When a black hole consumes a star, things can get quite messy. Take, for example, the event known as ASASSN-14li, where a massive star strayed too close to a supermassive black hole and paid the ultimate price.Continue reading “A Giant Black Hole Destroyed a Star and Threw the Pieces Into Space”
Gravitational waves don’t travel through space and time. They are ripples in the fabric of spacetime itself. This is why they are so difficult to detect. We can only observe them by closely watching how objects bent and stretched within spacetime. But despite their oddness, gravitational waves behave in many of the same ways as light, and astronomers can use that fact to study cosmic expansion.Continue reading “Gravitational Waves Can Be Gravitationally Lensed, and This Could Provide Another Way to Measure the Expansion of the Universe”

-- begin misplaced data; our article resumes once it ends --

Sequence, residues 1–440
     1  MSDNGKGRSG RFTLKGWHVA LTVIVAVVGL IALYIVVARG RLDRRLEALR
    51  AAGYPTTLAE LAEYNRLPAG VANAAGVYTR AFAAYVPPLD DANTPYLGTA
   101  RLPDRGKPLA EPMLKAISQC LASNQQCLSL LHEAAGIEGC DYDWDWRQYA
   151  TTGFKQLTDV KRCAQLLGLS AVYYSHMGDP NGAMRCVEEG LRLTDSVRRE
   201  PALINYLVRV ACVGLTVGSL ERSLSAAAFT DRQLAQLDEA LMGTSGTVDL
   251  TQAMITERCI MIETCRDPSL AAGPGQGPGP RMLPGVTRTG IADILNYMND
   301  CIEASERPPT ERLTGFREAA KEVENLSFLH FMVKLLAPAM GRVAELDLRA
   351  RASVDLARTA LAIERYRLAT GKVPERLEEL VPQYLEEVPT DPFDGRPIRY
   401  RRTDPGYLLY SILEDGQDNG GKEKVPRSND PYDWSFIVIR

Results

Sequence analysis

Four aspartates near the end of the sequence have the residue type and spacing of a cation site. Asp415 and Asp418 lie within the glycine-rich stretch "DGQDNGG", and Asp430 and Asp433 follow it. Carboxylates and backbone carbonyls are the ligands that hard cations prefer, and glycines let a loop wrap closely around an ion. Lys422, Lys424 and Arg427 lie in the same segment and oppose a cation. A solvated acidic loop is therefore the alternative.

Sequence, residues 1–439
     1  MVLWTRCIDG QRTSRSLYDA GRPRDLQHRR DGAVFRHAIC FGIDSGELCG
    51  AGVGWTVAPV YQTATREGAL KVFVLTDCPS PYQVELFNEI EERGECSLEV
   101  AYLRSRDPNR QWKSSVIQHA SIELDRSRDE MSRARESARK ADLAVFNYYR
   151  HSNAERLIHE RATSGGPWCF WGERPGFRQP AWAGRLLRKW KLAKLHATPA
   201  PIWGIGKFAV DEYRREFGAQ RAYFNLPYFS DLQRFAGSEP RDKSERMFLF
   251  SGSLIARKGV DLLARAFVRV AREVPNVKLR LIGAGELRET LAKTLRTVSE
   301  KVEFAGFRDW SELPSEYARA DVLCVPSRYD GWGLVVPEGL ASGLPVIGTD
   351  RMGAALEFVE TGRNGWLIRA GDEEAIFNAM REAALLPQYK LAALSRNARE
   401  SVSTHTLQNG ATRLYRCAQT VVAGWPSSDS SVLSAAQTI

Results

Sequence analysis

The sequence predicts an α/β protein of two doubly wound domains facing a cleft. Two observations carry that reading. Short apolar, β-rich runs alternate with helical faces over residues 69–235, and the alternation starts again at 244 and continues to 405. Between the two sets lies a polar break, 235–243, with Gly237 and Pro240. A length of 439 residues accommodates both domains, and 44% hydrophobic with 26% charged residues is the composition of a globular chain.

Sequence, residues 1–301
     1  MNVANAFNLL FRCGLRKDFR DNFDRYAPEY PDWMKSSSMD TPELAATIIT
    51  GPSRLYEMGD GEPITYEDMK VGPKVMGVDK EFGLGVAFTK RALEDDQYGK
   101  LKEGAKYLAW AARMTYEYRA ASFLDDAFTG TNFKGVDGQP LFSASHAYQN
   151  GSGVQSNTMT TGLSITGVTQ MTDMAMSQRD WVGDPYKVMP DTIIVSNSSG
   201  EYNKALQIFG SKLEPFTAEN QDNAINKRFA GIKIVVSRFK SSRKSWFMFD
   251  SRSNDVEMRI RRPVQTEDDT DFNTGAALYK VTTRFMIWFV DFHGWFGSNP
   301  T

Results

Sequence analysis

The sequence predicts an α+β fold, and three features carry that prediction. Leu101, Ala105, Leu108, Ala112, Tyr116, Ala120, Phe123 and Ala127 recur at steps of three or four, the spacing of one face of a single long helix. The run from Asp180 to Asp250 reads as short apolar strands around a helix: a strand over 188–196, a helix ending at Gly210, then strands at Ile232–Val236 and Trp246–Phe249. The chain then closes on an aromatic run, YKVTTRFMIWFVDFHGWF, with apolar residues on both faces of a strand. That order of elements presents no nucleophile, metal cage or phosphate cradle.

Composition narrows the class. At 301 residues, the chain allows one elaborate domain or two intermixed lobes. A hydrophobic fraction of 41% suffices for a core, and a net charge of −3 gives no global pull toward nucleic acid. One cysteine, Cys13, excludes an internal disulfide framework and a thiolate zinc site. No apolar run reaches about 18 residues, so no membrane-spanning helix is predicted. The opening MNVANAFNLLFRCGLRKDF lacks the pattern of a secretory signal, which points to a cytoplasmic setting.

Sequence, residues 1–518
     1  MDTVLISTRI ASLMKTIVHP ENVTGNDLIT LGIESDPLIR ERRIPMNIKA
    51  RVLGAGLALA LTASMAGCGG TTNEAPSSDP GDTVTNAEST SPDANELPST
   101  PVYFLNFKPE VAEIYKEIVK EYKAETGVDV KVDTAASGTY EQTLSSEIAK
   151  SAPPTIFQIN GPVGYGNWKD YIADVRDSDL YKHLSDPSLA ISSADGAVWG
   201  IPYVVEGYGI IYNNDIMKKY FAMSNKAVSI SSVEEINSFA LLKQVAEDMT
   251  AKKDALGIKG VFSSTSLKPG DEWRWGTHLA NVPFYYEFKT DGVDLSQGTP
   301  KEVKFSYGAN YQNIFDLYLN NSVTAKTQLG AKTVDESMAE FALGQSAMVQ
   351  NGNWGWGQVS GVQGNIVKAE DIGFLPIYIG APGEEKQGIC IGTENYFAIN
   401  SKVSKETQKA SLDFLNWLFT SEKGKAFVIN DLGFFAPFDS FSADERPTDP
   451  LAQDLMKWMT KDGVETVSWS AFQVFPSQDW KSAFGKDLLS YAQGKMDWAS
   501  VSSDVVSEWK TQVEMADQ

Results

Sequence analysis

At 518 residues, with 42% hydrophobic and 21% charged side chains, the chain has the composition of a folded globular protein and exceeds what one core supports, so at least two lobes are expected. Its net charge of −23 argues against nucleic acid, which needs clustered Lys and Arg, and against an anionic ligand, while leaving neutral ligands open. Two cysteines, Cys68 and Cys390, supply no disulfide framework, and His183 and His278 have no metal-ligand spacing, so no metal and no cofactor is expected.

Astronomers recently shared a new image captured by the Hubble Space Telescope of the galaxy NGC 4395. This relatively diffuse and dim dwarf galaxy is located just 14 million light-years from Earth.
NGC 4395 has several oddities, and this new image zooms in on the galaxy’s central region to highlight just one of those quirks. NGC 4395 is different from other dwarf galaxies because it contains an actively feeding supermassive black hole at its center.
But this black hole is considered one of the lowest mass supermassive holes ever detected, an oxymoron if there ever was one.Continue reading “Gaze at a Nearby Actively Feeding Supermassive Black Hole”
Astronomers have used machine learning to sharpen up the Event Horizon Telescope’s first picture of a black hole — an exercise that demonstrates the value of artificial intelligence for fine-tuning cosmic observations.
The image should guide scientists as they test their hypotheses about the behavior of black holes, and about the gravitational rules of the road under extreme conditions.Continue reading “Artificial Intelligence Produces a Sharper Image of M87’s Big Black Hole”